Catholic University in England Opens Benedict XVI Center
St. Mary’s University at Twickenham, on the outskirts of London, has established an institute named after the pope emeritus, who visited England in 2010.
St. Mary’s University at Twickenham, on the outskirts of London, has opened a new chapter with the foundation of the Benedict XVI Center, aimed at fostering links between theology and the social sciences. This is one of a number of new initiatives under the leadership of Vice Chancellor Francis Campbell, former British ambassador to the Holy See.
St. Mary’s is a Catholic university occupying an unusually attractive site not far from the Thames.
Strawberry Hill House was built as a Gothic folly by Horace Walpole and was acquired by the Catholic Church just over 120 years ago.
The Vincentians opened a teacher-training college, dedicated to Our Lady, initially just for male students and later for women, too.
Over the next 100 years, it provided large numbers of teachers for Britain’s Catholic schools. In the expansion of Britain’s universities a decade ago, it became a college of Surrey University, and, now, it is St. Mary’s University in its own right, awarding its own degrees.
The new center named for Benedict XVI is part of a significant expansion and renewal of the university’s Catholic message and identity.
Stephen Bullivant, senior lecturer in theology and ethics, himself a convert from atheism, explains: “The inspiration for the center comes, to no small degree, by the intellectual witness of Pope Benedict himself. Even prior to my becoming Catholic (although when, in retrospect, I was clearly already ‘on the way’), I read a number of [Joseph] Ratzinger’s works, in which he was bringing theological concerns into a serious, constructive — though not, of course, uncritical — engagement with the social sciences; his famous dialogues with [philosophers Jurgen] Habermas and [Marcello] Pera, for instance. So that’s a model I’ve had before, as my own theological work has come into closer and closer contact with the social sciences (most obviously regarding the New Evangelization).”
“More broadly, of course, the center brings together several strands of research in these kinds of areas already being done at St. Mary’s,” Bullivant added. “So, at a practical level, organizing some of this into a specific unit makes sense, in terms of planning, publicity, collaborations with other partners, etc.”
Today, the Strawberry Hill House is in the care of the English Heritage organization, and the university’s life revolves around more modern buildings, including a large chapel, refectory lecture halls and modern sports facilities. Most of the students are not Catholic, but the university is increasingly a center for public Catholic activity on a large scale, most notably a gathering of school pupils from across Britain for the visit of Pope Benedict XVI in 2010.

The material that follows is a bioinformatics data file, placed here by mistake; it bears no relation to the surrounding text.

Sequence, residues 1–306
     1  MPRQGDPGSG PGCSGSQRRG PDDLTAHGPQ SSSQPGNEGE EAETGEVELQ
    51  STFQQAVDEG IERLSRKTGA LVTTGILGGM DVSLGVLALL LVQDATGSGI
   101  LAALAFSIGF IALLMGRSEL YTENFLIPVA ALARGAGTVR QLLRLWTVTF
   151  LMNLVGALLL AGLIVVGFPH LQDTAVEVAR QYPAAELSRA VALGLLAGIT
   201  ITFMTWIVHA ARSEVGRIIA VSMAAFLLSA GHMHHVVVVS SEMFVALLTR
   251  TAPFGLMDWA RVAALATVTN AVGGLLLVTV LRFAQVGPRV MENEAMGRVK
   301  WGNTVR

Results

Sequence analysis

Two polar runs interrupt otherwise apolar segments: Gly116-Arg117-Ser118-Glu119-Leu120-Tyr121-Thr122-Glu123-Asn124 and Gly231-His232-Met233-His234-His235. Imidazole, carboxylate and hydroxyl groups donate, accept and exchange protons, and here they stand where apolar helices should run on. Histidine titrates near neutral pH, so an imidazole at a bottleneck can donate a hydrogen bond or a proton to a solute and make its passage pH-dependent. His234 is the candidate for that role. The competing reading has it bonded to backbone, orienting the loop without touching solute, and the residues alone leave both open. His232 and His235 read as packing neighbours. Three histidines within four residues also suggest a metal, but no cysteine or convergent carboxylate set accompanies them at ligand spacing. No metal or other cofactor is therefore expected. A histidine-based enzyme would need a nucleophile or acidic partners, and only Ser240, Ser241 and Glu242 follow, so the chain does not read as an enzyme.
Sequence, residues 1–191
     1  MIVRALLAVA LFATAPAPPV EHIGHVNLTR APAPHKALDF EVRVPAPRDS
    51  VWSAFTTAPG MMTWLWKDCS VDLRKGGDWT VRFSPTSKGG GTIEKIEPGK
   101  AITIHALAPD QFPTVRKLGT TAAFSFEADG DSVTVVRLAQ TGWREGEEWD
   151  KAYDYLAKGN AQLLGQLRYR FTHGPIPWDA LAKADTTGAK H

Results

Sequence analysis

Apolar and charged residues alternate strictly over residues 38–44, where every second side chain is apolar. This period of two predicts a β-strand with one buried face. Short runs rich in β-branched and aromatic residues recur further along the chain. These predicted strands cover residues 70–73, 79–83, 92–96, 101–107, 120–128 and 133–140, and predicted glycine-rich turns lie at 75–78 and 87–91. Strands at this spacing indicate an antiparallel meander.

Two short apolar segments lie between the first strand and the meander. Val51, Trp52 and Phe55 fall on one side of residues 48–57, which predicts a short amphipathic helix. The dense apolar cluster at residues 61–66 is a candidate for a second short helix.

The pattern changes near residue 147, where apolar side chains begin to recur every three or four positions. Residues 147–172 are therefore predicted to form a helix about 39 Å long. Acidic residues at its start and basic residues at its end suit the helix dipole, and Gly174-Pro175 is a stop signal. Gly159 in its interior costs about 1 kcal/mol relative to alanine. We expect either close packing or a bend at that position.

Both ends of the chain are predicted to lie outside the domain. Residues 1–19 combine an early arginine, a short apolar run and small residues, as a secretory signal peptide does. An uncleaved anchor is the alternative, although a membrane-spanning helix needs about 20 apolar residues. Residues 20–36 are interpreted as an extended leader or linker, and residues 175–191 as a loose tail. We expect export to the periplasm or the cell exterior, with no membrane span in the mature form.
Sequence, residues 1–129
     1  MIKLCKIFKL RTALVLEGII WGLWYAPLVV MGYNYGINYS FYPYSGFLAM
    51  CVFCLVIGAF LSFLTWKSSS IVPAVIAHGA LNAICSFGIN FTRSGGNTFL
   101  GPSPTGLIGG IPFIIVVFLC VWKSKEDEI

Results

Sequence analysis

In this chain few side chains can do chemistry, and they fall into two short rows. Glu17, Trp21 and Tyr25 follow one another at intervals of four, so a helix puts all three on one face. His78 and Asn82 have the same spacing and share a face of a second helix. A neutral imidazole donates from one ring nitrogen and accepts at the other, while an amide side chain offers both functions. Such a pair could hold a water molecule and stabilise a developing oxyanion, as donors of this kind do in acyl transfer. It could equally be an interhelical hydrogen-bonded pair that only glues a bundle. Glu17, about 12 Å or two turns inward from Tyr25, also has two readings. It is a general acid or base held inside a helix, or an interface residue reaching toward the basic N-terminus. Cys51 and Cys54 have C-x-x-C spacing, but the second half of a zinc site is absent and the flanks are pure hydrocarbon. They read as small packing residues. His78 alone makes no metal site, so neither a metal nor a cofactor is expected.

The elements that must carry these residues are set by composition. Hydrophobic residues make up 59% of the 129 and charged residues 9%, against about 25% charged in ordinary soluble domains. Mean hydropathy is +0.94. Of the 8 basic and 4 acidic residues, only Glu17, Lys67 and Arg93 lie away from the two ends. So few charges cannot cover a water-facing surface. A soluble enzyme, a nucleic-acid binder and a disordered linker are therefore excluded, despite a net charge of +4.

Bullivant noted that, over the past year, staff at St. Mary’s have been studying St. John Paul’s Ex Corde Ecclesia, the document outlining the role and duties of a Catholic university. “It’s quite clear there that a Catholic university really needs to bring different disciplines into a constructive and mutually enriching engagement with theology and ethics. The Benedict XVI Center is one part of that, focusing on the social sciences in particular, but the general idea is something that should be right at the heart of what a Catholic university is about,” he explained.
Bullivant represented St. Mary’s at Ave Maria University in Florida for a major conference in February on Humanae Vitae, Blessed Paul VI’s encyclical on the Church’s teaching on birth control and human reproduction, and the Benedict XVI Center will be involved in publishing a book exploring the significance of the encyclical.
And St. Mary’s has a strong program of visiting lecturers from the world of politics and the social sciences, in addition to senior Church figures.
Vice Chancellor Campbell recently addressed the Catholic Union — the national organization for Catholic laypeople in public life in Britain — and spoke with conviction about the crucial role of the Church in the life of the country.
Campbell emphasized that “religious faith has a place, as of right, in a pluralist society. Our faith schools make a vital contribution as part of the wide network of education. And religion is not something extra, an add-on, to a wholesome society, but an important part of it.”
He took as his theme the message that Pope Benedict XVI gave when he spoke in Westminster Hall in Parliament during his state visit: Religion is not a problem for legislators to address, but a vital contribution to the national conversation.
As Pope Benedict told Parliamentarians and others gathered at Westminster: “The world of reason and the world of faith — the world of secular rationality and the world of religious belief — need one another and should not be afraid to enter into a profound and ongoing dialogue, for the good of our civilization.”
The Westminster Hall address, with its emphasis on the centrality of dialogue between faith and reason, is the theme underpinning the new Benedict XVI Center.
Joanna Bogle writes from London.
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